Whispers happen in that flow. Having discovered that being social is more difficult and time consuming (because its benefits are earned and not simply bought), some are looking to tap into the whispers to try to gain a real time tactical advantage over their competitors.

Others, having overcome their initial fascination and desire to achieve global/viral cascades are seeking the more pragmatic and higher strategic value of the medium by co-influencing  conversations based on share of life. These efforts lead to cascades of a different sort and scale where the deeper impact stems from the power of context and trust rather than managing another part of the spectrum to display ads or deriving intelligence for more ‘relevant’ offers.

It begins by establishing a (digital) outpost for the brand community and expands from there to a participative dialog with consumers around the key differentiating elements of the brand’s platform as identified in the brand’s mission/vision of establishing a relationship.

Done successfully it will placate the ROI demands of business which otherwise has little patience for anything but the most active of scalable engagements. Providing indefatigable proof of an ROI is achieved once we know the WHO, at which point much of the pressure for justifying the WHEN, WHERE and WHY tends to blend into the background. Knowing WHO allows brands to backtrack into their CRM platforms and pull out most of the rest.

Be certain that ‘cascades’ happen all the time …only more slowly and on different scales with the forceof whispers.


…“Then turning to those around her, who were eyeing with amusement the curious play on the pipe, she continued, “many laborers in the fire have I heard of (alluding to alchemists)who turned their gold into smoke, but Sir Walter is the first who has turned smoke into gold.”

Source: NYTimes May 3, 1896

*my thanks to Rick Ferguson at Colloquy for bringing a rendition of this tale to light.


***Coke: Mission, Vision & Values

The world is changing all around us. To continue to thrive as a business over the next ten years and beyond, we must look ahead, understand the trends and forces that will shape our business in the future and move swiftly to prepare for what’s to come. We must get ready for tomorrow today. That’s what our 2020 Vision is all about. It creates a long-term destination for our business and provides us with a “Roadmap” for winning together with our bottler partners.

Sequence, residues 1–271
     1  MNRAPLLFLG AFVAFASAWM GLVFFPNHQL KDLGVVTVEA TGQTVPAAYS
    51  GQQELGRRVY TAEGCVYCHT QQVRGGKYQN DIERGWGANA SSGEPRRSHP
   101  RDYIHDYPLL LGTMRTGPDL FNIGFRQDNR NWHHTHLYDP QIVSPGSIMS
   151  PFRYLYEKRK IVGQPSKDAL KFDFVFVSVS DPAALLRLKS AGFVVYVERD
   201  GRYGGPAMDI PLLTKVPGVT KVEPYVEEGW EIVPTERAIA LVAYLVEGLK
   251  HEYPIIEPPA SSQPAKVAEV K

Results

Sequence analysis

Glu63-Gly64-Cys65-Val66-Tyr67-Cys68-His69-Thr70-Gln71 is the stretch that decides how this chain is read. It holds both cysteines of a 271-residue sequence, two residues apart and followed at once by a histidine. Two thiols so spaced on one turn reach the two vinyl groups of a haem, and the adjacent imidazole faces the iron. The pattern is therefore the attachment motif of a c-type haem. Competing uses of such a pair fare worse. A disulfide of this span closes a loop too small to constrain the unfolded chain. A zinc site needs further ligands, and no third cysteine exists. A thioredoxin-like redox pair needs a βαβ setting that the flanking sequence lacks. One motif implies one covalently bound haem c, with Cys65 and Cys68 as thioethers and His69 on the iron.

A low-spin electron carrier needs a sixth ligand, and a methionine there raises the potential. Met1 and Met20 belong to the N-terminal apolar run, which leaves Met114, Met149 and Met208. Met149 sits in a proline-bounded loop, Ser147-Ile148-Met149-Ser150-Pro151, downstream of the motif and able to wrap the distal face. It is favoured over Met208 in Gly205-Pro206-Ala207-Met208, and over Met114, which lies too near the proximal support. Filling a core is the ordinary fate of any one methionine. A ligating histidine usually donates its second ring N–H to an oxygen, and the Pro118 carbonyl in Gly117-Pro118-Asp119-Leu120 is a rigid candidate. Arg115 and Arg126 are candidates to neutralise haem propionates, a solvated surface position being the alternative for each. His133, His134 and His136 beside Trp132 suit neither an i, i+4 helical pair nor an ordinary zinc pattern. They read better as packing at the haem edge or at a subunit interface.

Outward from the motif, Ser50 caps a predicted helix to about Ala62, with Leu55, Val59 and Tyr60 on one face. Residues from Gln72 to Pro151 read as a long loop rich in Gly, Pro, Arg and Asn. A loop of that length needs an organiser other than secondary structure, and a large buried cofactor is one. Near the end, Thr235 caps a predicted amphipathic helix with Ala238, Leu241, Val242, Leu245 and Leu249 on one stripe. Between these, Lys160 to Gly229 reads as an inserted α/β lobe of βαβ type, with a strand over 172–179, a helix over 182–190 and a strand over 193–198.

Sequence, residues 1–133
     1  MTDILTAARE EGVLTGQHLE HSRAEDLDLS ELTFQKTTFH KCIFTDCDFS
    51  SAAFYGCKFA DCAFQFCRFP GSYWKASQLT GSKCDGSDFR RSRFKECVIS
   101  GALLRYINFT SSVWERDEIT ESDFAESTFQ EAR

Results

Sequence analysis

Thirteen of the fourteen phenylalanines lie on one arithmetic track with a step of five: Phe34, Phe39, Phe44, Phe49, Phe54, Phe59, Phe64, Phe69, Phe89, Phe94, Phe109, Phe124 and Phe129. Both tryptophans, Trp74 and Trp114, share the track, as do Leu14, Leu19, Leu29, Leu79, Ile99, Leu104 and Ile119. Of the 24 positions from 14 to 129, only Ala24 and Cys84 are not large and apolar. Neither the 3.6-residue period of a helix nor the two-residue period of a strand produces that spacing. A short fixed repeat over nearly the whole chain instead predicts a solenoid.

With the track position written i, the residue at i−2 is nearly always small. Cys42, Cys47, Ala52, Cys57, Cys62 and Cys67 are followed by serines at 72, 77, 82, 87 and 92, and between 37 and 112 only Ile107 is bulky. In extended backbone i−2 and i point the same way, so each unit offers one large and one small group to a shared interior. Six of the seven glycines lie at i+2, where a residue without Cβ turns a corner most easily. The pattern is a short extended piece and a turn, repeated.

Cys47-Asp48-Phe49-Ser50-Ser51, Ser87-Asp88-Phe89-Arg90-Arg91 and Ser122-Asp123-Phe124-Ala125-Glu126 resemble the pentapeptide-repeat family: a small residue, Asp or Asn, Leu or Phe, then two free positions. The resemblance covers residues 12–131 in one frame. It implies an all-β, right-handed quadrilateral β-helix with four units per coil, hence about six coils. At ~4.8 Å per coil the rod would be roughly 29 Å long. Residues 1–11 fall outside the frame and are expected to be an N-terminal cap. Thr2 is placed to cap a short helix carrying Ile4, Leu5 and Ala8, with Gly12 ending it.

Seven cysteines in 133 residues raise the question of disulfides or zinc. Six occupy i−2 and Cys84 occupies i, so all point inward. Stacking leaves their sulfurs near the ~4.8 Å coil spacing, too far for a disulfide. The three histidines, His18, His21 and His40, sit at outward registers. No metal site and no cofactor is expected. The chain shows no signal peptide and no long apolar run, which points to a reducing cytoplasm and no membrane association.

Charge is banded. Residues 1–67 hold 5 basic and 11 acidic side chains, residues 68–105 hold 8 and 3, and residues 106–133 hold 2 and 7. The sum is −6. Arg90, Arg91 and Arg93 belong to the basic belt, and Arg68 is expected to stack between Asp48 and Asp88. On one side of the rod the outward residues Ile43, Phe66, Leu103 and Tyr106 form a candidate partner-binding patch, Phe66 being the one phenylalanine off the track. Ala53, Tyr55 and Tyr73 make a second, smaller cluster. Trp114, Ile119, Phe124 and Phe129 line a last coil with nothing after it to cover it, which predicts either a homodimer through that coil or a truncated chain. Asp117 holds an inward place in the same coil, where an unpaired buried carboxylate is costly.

Our MissionOur Roadmap starts with our mission, which is enduring. It declares our purpose as a company and serves as the standard against which we weigh our actions and decisions.

  • To refresh the world…
  • To inspire moments of optimism and happiness…
  • To create value and make a difference.
Our Vision
Our vision serves as the framework for our Roadmap and guides every aspect of our business by describing what we need to accomplish in order to continue achieving sustainable, quality growth.

  • People: Be a great place to work where people are inspired to be the best they can be.
  • Portfolio: Bring to the world a portfolio of quality beverage brands that anticipate and satisfy people’s desires and needs.
  • Partners: Nurture a winning network of customers and suppliers, together we create mutual, enduring value.
  • Planet: Be a responsible citizen that makes a difference by helping build and support sustainable communities.
  • Profit: Maximize long-term return to shareowners while being mindful of our overall responsibilities.
  • Productivity: Be a highly effective, lean and fast-moving organization.
Our Winning Culture
Our Winning Culture defines the attitudes and behaviors that will be required of us to make our 2020 Vision a reality.
Live Our Values